Tracking gravity waves in moist baroclinic jet-front systems

Junhong Wei, Fuqing Zhang

Research output: Contribution to journalArticlepeer-review

8 Scopus citations

Abstract

A series of four-dimensional ray-tracing experiments are performed to investigate the propagating wave characteristics, source mechanisms, and wave number vector refraction budget of six groups of lower-stratospheric gravity waves in the moist baroclinic jet-front systems with varying degree of convective instability. On one hand, the resemblance of ray trajectories and propagating characteristics between gravity waves in the dry experiment versus those in the experiment with weak diabatic heating demonstrates the limited role of moist convection in modifying those wave modes that are dominated by dry dynamics, including both the short-scale northward-propagating mode and the intermediate-scale northward-propagating mode in the jet exit region (likely induced by upper-level jet imbalance and/or tropospheric frontogenesis), the intermediate-scale eastward-propagating mode from the jet exit region in the ridge down to the jet entrance region in the trough (likely induced by upper-level jet imbalance), and the short-scale southward-propagating mode located far to the south of the jet right above the surface cold front (likely induced by tropospheric frontogenesis). On the other hand, comparisons of the gravity waves in the two aforementioned experiments through the ray tracing analysis further demonstrate that moist convection may force new wave modes, modify existing dry wave modes through latent heat release, or modify the new/existing waves through modification of large-scale flow. Convectively generated gravity waves could propagate both upstream and downstream of the latent heating. Lastly, it is indicated in the budget analysis of wave number vector refraction equations that the wind effect on changing the characteristics of propagating gravity waves generally dominates over the thermodynamics effect, and that the thermodynamics effect may counteract, enhance, or even take over the effect of background wind for those wave packets crossing the tropopause or frontal systems.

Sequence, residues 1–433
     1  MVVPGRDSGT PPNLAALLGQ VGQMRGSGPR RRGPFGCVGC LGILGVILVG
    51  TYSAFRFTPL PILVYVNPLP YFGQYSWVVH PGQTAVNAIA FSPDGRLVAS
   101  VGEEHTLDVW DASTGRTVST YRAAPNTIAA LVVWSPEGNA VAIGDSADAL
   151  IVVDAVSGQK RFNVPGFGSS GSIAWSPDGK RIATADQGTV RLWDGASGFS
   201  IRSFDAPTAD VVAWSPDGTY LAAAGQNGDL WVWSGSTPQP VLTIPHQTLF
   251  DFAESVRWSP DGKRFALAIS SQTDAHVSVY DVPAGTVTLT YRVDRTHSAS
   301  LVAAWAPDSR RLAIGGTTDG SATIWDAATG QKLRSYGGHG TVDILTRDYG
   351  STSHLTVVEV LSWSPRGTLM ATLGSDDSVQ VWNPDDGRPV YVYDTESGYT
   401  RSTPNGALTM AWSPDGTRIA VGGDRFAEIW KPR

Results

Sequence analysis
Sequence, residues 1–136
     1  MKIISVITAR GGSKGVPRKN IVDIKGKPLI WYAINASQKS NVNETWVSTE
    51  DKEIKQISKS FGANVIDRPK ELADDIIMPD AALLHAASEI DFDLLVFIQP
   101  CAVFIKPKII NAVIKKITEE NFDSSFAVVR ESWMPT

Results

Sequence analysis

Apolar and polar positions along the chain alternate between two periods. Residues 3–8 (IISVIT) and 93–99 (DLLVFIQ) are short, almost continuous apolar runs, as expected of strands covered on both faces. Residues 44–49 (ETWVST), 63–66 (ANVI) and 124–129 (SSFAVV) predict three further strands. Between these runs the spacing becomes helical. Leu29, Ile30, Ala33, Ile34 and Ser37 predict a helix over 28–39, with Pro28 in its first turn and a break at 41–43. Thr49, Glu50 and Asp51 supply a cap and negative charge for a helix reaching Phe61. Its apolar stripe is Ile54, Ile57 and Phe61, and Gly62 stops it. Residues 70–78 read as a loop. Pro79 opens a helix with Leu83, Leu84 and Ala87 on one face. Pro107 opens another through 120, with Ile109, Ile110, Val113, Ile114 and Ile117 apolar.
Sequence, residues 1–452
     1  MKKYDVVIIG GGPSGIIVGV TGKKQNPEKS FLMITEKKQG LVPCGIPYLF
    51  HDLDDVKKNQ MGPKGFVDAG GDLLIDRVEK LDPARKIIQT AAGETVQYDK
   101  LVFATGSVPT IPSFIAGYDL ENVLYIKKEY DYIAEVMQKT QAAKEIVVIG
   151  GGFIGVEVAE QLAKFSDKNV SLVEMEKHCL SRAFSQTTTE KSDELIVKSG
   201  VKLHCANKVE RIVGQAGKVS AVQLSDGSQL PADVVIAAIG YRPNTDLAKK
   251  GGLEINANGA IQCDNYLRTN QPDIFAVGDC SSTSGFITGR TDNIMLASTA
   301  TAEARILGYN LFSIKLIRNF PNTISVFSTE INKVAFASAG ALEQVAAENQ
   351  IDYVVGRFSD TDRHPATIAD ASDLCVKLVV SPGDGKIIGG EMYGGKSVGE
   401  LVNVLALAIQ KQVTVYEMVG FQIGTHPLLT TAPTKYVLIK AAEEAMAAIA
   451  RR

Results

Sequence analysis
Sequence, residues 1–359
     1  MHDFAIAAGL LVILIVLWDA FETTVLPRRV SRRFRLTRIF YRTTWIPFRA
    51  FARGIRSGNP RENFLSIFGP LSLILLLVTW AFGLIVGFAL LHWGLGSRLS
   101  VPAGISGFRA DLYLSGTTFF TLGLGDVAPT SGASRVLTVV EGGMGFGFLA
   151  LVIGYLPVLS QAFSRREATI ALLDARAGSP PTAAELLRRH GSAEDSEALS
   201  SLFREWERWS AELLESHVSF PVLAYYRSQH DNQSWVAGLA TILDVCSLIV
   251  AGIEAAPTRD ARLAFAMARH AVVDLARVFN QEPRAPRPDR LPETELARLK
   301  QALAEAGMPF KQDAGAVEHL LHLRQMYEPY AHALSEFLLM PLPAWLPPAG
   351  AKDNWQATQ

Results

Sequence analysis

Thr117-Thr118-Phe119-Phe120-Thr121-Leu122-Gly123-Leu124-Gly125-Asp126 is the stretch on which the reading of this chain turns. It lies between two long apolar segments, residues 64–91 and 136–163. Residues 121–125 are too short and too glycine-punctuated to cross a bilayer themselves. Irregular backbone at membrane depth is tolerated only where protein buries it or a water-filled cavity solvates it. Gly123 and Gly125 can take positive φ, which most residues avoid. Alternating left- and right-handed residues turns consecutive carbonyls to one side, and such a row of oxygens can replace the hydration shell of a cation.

Original languageEnglish (US)
Pages (from-to)67-91
Number of pages25
JournalJournal of Advances in Modeling Earth Systems
Volume7
Issue number1
DOIs
StatePublished - Mar 1 2015

All Science Journal Classification (ASJC) codes

  • Global and Planetary Change
  • Environmental Chemistry
  • Earth and Planetary Sciences(all)

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